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Market update: July 2016

| Market Forces

The outlook for the South African economy remained glum during the month of July. The most worrying data came from the SA Reserve Bank (SARB), as it revised its growth forecast for 2016 down to 0%. Needless to say, this is much less than the country needs to alleviate persistent unemployment and deflect a downgrade by ratings agencies. Fitch followed the same logic and promptly downgraded its SA local-currency debt rating to bring it in line with its foreign-currency rating – one notch above junk. With this no- to negative-growth outlook, the SARB decided to keep rates on hold despite PPI printing at 6.8% year-on-year for June and CPI at 6.3%, breaching the SARB’s upper limit.
South African businesses are clearly under pressure. Statistics SA has revealed that the average profit margin for the SA formal business sector has declined, from 9c to every rand between June 2006 and September 2008, the good-time years before the Great Financial Crisis, to 5c to every rand between December 2013 and March 2016. The United Nations Conference on Trade and Development also reported that foreign direct investment into SA has dropped by 69% to $1.8bn, its lowest level in 10 years.
Internationally, in the wake of the Brexit outcome, the markets closely watched the data coming out of the UK. The Bank of England announced that it would keep rates on hold, but it is likely that it might provide stimulus in the near future. UK unemployment fell to 4.9%, the lowest level since the third quarter of 2005, which creates a firm foundation for the new independent Britain. But UK retail sales dropped by 0.9% in June.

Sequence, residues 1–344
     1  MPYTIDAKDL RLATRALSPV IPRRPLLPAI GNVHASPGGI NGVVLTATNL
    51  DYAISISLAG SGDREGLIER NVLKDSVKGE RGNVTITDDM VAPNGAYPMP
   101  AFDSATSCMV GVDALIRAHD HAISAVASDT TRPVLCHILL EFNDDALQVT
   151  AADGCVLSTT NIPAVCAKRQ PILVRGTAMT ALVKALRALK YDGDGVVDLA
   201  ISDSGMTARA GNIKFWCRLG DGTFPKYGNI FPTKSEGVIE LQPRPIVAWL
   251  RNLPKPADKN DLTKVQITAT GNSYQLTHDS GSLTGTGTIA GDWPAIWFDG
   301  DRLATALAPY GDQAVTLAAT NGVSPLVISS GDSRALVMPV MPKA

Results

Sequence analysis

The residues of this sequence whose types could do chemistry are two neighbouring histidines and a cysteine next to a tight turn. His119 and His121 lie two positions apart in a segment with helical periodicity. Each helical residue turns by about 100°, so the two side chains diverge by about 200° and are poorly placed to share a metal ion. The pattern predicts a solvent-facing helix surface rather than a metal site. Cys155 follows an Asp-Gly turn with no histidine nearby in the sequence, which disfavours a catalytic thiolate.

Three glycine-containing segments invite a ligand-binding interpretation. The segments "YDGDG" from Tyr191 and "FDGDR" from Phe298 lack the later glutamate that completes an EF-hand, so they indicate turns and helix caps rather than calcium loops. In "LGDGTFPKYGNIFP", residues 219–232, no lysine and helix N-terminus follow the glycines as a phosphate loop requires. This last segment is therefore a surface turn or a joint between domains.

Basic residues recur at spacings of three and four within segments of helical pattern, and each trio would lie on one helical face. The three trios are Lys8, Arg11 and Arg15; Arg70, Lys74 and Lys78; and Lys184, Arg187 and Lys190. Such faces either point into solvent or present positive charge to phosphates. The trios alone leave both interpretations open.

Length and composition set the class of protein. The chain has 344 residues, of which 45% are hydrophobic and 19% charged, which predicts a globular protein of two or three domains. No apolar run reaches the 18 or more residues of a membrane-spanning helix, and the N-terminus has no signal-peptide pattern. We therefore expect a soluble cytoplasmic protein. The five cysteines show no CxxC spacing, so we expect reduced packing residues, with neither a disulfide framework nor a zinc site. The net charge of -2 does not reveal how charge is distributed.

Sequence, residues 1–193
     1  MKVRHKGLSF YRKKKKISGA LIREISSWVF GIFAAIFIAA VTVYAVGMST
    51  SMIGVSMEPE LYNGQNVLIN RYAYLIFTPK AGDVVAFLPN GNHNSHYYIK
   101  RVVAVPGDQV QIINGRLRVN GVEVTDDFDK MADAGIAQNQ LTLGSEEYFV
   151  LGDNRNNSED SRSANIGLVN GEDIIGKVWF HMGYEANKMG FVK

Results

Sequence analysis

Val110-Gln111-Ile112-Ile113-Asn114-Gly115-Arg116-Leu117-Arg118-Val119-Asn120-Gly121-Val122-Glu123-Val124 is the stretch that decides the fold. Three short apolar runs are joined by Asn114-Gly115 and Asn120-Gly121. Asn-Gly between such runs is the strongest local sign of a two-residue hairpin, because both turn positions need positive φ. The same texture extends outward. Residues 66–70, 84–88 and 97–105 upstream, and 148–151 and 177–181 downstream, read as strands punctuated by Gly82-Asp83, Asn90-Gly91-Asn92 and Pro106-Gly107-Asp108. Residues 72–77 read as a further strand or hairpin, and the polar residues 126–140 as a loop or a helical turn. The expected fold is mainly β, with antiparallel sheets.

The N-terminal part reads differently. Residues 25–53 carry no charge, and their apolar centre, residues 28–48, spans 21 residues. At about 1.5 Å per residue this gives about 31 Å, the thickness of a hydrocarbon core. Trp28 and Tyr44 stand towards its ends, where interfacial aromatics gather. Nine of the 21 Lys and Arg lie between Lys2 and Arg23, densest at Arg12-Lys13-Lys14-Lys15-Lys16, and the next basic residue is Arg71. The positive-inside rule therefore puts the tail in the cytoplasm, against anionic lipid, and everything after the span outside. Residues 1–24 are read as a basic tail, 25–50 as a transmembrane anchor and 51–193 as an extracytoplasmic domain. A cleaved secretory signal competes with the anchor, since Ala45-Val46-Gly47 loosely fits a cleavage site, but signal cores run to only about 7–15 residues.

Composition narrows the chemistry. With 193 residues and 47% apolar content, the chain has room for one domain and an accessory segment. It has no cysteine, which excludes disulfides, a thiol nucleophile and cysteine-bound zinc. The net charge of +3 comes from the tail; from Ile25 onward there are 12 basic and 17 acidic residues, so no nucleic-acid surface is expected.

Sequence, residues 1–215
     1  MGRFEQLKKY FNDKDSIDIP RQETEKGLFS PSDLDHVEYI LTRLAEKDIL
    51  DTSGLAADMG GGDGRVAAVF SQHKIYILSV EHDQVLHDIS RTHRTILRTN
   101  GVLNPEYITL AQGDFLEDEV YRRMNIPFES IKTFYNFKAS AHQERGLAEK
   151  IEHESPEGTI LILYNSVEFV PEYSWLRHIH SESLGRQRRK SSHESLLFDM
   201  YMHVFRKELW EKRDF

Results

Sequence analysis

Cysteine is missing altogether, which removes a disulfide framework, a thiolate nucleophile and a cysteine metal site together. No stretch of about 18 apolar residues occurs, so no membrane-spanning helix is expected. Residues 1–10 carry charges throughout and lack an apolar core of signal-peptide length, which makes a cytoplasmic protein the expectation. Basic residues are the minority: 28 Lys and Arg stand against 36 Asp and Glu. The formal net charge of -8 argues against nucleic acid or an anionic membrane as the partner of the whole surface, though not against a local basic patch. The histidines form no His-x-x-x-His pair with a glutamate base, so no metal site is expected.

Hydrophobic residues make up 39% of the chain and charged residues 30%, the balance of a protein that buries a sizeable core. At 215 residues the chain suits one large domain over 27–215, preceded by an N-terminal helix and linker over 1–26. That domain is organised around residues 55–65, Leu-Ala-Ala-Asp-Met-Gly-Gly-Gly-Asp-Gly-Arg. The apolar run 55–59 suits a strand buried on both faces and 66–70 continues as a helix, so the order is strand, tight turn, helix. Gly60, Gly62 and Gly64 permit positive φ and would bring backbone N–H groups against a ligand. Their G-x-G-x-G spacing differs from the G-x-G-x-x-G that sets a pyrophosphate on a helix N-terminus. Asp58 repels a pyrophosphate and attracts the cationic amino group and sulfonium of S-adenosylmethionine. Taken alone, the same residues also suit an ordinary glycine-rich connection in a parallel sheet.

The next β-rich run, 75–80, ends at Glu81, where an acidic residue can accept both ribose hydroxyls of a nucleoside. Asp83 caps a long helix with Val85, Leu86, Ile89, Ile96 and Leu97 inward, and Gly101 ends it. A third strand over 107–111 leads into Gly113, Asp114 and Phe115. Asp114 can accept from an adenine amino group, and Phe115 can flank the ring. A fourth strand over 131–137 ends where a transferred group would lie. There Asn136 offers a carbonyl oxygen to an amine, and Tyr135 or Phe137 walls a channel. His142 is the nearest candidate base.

July was a bumper month for most world markets, as well as for the South African rand. The FTSE/JSE All Share Index (ALSI) gained 1.2% on a total return basis. With the 6.4% appreciation of the rand against the dollar and 6.1% against the pound during the month, dollar investors in the ALSI experienced a gain of 7.7% and pound investors 7.3% for July. The All Bond Index (ALBI) and inflation-linked bonds returned 2.23% and -0.04% respectively this month. Cash returned 0.62%. On the global front, the MSCI World Index and MSCI Emerging Markets Index returned 4.2% and 5.1% respectively for July on a total return basis (USD).
Year to date the ALSI return now stands at 5.5%, driven mainly by Basic Materials (+31.2% YTD) and Industrials (+19.4% YTD), while Consumer Goods suffered a 9.78% negative return for the seven months to 31 July. But it’s bonds that have been the star so far, with the ALBI displaying a YTD return of 13.7%. Emerging markets are not far behind at 11.9% in dollar terms.
Source: Stats SA, I-Net, Bloomberg, Deutsche Bank and Sanlam Investments | One-month total returns up to 31 July 2016

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